Bacchus Marsh school bus crash: students saved wearing seatbelts, bus association says
Twenty-seven young schoolgirls and four adults on their way to a “space camp” in the US could have died pinned under their upturned bus, had it not been for one major decision made.
Students from Loreto College, Ballarat, were driving along Victoria’s Western Highway early Wednesday morning when their bus slowed to avoid a crash and was hit by a B-double truck.
The Bus Association of Victoria believes seat belts have played an important role in saving the lives of those on board.
It is unclear exactly how many passengers were wearing seat belts, but the organization confirmed that most passengers were wearing them.
“It seems like there were some who weren’t, but it was a seat belt coach and the majority were wearing them,” director Chris Lowe told The Guardian.
“The whole circumstance could have been a lot worse had it not been for the seat belt.”
The school bus, carrying 27 students and four teachers, rolled 50 meters behind it and a truck collided in the confusion of a previous truck accident (photo, emergency services on site)
The students were on their way to Melbourne Airport for a school trip to the US when their bus rolled down the 50-meter high embankment at around 3:20 am.
Loreto College will remain open to students, parents, and faculty on Thursday’s Bereavement Day holiday so they can access counseling.
Rescuers were faced with a devastating scene as they helped students aged nine to 11 trapped on the bus below in pitch black and disturbing weather.
Police said it was “miraculous” that all those on board were able to pull themselves out of the wreckage and survive the crash.
“Quite miraculously they evacuated themselves and other people, I believe truck drivers and that, stopped to help them,” Detective Inspector Roger Schranz said.
“I assumed someone would have died from this whole tragedy. So they are all very happy people.’
Police are still investigating the collision between a school bus and a truck (pictured) on Wednesday and asked anyone with relevant information to contact Crime Stoppers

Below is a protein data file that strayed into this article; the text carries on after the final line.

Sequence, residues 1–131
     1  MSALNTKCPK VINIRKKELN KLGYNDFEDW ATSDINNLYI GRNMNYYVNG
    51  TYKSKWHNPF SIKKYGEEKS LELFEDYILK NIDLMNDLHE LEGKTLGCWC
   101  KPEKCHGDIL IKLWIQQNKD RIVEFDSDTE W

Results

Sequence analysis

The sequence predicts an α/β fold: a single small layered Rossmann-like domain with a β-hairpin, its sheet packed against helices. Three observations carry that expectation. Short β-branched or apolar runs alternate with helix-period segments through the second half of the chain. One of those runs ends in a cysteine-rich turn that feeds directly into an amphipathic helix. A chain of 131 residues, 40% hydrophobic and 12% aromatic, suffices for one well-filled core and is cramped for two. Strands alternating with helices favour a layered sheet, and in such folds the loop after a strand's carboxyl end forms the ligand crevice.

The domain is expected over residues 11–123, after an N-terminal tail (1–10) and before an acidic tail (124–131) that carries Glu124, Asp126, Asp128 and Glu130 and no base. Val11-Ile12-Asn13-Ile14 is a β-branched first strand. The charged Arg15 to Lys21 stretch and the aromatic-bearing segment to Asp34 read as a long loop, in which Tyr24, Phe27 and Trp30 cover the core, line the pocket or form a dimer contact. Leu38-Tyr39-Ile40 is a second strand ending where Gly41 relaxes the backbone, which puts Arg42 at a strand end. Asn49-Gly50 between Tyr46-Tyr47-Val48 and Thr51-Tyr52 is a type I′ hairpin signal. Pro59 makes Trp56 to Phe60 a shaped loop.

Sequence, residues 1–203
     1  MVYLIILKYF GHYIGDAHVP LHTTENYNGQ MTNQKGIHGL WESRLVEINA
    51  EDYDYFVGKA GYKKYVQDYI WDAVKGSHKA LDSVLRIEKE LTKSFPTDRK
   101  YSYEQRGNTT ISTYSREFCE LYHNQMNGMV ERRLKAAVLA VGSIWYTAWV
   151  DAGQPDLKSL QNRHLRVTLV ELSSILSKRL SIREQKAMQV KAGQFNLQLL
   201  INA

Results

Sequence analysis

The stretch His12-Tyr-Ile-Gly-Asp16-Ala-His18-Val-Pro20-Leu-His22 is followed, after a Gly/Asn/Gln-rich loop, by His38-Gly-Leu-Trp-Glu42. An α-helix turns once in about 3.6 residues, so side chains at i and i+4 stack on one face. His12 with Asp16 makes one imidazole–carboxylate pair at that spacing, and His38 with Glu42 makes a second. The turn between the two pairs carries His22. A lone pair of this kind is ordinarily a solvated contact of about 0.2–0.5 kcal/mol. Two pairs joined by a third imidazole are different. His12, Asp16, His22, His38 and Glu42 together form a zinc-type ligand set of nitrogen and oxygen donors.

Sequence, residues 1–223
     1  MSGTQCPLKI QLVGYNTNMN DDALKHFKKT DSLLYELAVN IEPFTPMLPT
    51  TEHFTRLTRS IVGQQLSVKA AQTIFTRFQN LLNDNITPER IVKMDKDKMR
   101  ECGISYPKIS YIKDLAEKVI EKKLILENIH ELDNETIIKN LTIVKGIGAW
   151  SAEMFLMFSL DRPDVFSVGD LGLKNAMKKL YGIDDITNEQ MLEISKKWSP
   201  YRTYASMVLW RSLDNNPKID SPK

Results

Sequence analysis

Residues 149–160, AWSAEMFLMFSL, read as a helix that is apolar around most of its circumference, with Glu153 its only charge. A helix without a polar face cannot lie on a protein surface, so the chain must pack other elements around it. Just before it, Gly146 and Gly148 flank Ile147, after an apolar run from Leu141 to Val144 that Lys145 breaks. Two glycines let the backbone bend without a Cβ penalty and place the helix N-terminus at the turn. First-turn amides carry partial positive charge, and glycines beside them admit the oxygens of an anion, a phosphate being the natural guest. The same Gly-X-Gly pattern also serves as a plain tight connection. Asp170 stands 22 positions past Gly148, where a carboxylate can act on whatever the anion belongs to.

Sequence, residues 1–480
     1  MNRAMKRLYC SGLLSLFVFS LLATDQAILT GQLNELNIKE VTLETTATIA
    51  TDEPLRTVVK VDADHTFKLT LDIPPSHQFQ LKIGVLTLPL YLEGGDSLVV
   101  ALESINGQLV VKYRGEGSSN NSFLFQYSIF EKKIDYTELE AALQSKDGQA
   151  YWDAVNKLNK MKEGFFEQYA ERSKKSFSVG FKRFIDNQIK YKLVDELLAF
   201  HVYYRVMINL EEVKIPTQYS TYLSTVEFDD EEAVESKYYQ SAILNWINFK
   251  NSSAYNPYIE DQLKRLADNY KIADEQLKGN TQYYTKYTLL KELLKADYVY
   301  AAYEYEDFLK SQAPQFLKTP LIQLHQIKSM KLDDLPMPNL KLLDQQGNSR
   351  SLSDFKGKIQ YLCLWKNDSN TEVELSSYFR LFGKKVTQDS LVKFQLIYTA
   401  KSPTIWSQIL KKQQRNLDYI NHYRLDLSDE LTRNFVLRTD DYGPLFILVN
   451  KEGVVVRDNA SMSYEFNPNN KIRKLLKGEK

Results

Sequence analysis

Acting Superintendent of the Victoria Police Department, Jason Templar, told reporters the event was “fairly distressing” for everyone involved.
“It is unbelievable that no one has been seriously injured,” he said.
Three of the teenagers flown to the Royal Children’s Hospital are in serious but stable conditions.
A woman in her 40s and a man in her 50s are in stable condition at the Royal Melbourne Hospital.
Everyone else on board was taken to various hospitals for observation on Wednesday.
Emergency services immediately arrived on the scene Wednesday morning to find the school bus on its side and students pulling themselves out of the wreckage
Executive Director of the BAV Chris Lowe (pictured left) said most students wore seat belts on the bus, a decision that may have saved many lives as police were relieved to find there were no casualties at the scene
Kangaroo Transport Industries CEO Steve Buck said the 60-year-old driver was a subcontractor “who has been driving roadtrains safely for over 30 years” and required surgery after becoming trapped in the cab.
Speed limits at the time of the accident were reduced following a collision the previous night.
The students were on their way to the airport to travel to a NASA space camp in the US.
The exciting trip to the US that the students went to included six nights at the NASA space camp, two nights in Washington, a tour of the US Capitol building, lunch with an astronaut, and a cruise of the Florida Everglades.
The field trip, which cost $7,700 per student, was previously canceled due to Covid restrictions.
The school released a statement Thursday afternoon to thank the emergency services and reassure the parents.
Victoria Police Detective Inspector Roger Schranz (pictured) said the truck driver, who was seriously injured, collided with the bus as traffic had built up from a previous crash
The truck and car collided at 3:15 a.m. Wednesday in Bacchus Marsh, in northwestern Melbourne.
“The College is deeply grateful for the prompt and professional response from the emergency services personnel at the scene and is deeply grateful to Grampians Health for their continued support,” the statement said.
“Our caring Loreto community is deeply concerned for the injured and their families and we ask that their privacy be respected. We thank you for your understanding.’
Prime Minister Daniel Andrews offered support to the school on Wednesday after speaking with the principal.
The Melbourne-bound lanes of the Western Freeway between Ballan and Bacchus Marsh have since reopened.
The detectives of the large collision units are investigating the exact circumstances of the crash.